It sounds rather odd to use the words "Civil War Legacy" and "Orange County" in the same sentence, doesn’t it? After all, Orange County brings to mind visions of Disneyland, Knotts Berry farm, nice beaches, the Anaheim Angels, the Mighty Ducks, and the Crystal Cathedral. These images, however, are from the Orange County of today- there was also an Orange County of the past, and that is the story of its Civil War veterans.
As of March, 2002, 727 Civil War veterans have been identified as being interred in Orange County, distributed among nine different facilities. The vast majority of Civil War veterans are buried in Santa Ana, at Fairhaven Memorial Park and Santa Ana Cemetery. The known number at those two facilities is 599. The rest are distributed through the remainder of the county in Westminster, Garden Grove, Huntington Beach, Anaheim, Fullerton, El Toro, and San Juan Capistrano.
They came from Union states, predominantly from the mid-west. The Union veterans outnumber the Confederate veterans in the county by a 6 to 1 ratio. Over 100 of the county veterans fought for the state of Illinois during the Civil War, 75 came from Ohio, and over 70 came from Iowa. By contrast, the Northeast states of New York, Massachusetts, and Maine have a combined total of less than 50 veterans countywide.
Once upon a time, this part of California was Los Angeles County. For various economic and social reasons, the good citizens of the area wanted a county, and an identity, of their own. The movement to secede from LA County began in the 1880’s, and was finally successful in 1889 with the formation of the new county, called Orange. The Secretary of the Citizens Committee who drew up the formal bill of secession was a local lawyer named Victor Montgomery, who was a former Confederate soldier. (For an extended biography of Victor Montgomery, see the Graves Registration page.) The State Assemblyman who carried the bill to Sacramento was another Confederate veteran by the name of Dr. Henry Head. (For an extended biography of Dr. Head, see the Graves Registration page.) So here we see the irony of two former Confederates who were unsuccessful in their attempts at secession in the 1860’s being very successful at their attempt to secede from Los Angeles County in the 1880’s.

After the birth of the new county it was the Civil War veterans who stepped into the leadership roles during the county’s formative years of the late 19th and early 20th centuries. Some examples:
The first Superior Court judge was a Union veteran who had been shot in the face during the battle of Pea Ridge, Arkansas.
The first County Treasurer, as a young Private from Wisconsin, had contracted dysentery in the trenches around Vicksburg in the summer of 1863.
The second County Treasurer was a Confederate veteran from Virginia who rode for 3 years with Jeb Stuart’s cavalry.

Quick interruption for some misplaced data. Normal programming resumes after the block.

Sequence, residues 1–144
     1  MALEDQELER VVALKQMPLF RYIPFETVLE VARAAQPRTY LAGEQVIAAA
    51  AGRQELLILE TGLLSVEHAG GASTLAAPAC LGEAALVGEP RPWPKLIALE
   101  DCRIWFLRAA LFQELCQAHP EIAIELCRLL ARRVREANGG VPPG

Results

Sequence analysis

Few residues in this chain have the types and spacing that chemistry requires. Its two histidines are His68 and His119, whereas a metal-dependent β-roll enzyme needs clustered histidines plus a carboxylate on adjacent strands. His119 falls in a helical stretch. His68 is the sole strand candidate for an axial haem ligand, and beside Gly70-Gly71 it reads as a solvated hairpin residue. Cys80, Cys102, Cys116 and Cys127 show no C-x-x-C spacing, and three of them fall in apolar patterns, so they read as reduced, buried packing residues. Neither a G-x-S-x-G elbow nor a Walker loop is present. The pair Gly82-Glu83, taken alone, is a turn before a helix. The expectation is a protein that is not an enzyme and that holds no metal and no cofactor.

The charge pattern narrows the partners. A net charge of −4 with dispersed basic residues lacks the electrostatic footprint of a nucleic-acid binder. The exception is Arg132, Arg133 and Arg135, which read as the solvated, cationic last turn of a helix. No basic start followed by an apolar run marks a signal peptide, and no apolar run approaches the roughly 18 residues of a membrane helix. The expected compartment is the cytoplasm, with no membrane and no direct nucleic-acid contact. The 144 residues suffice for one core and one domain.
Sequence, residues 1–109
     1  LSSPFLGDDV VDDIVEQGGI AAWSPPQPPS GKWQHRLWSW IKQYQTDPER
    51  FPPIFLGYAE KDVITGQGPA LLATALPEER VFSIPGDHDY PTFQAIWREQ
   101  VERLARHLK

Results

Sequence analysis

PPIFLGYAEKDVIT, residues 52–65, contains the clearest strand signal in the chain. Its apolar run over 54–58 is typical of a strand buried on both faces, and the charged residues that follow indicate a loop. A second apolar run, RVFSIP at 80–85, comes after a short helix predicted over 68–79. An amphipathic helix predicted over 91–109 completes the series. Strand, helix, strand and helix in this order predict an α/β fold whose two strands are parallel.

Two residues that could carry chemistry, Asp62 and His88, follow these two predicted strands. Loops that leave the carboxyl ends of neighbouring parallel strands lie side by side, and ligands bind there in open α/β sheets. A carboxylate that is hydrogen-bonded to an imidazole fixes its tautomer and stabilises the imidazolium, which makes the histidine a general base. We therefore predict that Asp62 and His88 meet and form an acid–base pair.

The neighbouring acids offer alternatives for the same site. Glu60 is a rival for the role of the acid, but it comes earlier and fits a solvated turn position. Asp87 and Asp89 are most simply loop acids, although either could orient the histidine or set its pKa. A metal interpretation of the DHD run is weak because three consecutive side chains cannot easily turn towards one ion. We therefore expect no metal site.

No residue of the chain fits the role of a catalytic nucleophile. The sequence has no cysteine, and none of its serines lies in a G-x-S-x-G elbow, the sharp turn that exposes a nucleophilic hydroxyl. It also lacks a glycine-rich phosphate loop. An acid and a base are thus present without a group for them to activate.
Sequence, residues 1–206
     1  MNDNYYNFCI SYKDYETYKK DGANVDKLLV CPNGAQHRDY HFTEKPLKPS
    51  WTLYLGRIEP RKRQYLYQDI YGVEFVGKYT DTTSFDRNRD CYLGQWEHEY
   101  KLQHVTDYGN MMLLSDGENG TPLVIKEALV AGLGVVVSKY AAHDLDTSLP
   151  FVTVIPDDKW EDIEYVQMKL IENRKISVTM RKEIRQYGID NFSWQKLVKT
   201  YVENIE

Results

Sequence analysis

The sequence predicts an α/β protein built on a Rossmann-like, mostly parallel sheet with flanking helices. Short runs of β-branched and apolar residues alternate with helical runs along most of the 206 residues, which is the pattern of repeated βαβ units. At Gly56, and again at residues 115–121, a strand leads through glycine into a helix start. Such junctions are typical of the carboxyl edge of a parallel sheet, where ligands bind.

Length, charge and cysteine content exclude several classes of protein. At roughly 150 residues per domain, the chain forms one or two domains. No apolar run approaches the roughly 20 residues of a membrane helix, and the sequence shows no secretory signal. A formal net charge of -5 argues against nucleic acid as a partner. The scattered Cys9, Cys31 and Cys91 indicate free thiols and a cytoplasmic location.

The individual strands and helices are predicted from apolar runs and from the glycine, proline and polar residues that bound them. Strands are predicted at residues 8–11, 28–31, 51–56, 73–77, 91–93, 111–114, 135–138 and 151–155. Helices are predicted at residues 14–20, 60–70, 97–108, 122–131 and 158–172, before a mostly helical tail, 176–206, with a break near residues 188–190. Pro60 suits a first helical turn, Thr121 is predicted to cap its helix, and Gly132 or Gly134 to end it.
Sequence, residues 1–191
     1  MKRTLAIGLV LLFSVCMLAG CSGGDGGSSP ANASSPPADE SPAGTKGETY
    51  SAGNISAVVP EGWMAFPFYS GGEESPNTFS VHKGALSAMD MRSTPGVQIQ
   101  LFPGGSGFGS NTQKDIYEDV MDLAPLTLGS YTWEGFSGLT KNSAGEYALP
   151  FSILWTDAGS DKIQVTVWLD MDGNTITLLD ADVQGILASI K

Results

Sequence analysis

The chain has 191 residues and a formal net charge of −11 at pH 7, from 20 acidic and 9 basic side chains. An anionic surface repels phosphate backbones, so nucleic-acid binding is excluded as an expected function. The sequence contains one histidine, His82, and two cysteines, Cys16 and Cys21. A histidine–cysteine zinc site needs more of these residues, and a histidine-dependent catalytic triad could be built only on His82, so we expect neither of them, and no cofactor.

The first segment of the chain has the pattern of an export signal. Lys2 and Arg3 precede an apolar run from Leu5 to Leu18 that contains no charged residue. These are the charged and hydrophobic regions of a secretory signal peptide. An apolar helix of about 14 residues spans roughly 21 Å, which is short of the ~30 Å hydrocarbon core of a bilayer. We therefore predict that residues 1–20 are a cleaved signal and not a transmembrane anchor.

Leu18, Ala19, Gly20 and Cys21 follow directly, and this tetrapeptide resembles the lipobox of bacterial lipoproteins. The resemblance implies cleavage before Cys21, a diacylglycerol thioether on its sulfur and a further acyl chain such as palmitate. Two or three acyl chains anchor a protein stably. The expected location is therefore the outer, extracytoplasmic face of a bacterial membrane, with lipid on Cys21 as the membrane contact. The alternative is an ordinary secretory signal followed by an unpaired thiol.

The first District Attorney for the new county had survived the Hornet’s Nest at Shiloh as an Iowa Lieutenant.
The first man to survey what became the town of Orange had been a Captain in the Confederate Navy.
The first County Auditor, as well as the first County Coroner, were both Union veterans.
The first Mayor of Seal Beach had been a Union sharpshooter in the trenches of Petersburg in 1864.
The first Treasurer for the city of Orange was a Union veteran who had spent 10 months as a prisoner of war in Texas.
The list could go on and on. These examples are presented as a small representation of the contributions of the Civil War veterans to Orange County. The veterans started to arrive in small numbers to this area in the 1870’s, and by the 1880’s and 90’s the trickle had turned into a flood. By 1900, the city of Santa Ana had a higher percentage of its population of Civil War veterans than any other city in the state of California. The first known Civil War veteran to die in the area was Private Andrew Nixon, from Indiana, who died in 1877. He is buried at Magnolia Memorial Park in Garden Grove. Our last Civil War veteran died in 1949, and is buried at Westminster Memorial Park. His name was Private Charles Chappel, and he was 102 years old at the time of his passing. In 1865, as a member of the 10th New York Infantry, he had been on guard duty outside of Wilmer McLean’s parlor as General Robert E. Lee surrendered his Army of Northern Virginia to General U.S. Grant at Appomattox.
The purpose of this essay has been to shed some light on the long-forgotten story, which is the Civil War legacy of Orange County. It is only fitting that an area that has this kind of rich connection to America’s most profound conflict should also have one of America’s most vibrant and pro-active Civil War Round Tables.
I would be remiss if I didn’t take this opportunity to mention my fellow Orange County Civil War researchers who have done so much to advance the cause of local Civil War history. They are: Gordon Bricken, Charles Beal, Glen Roosevelt, Rev. Lou Carlson, Farrell Cooley, Steve Holcomb, and all of my comrades at the Civil War Round Table of Orange County.
By Paul Gillette
Preservation Officer
Civil War Round Table of Orange County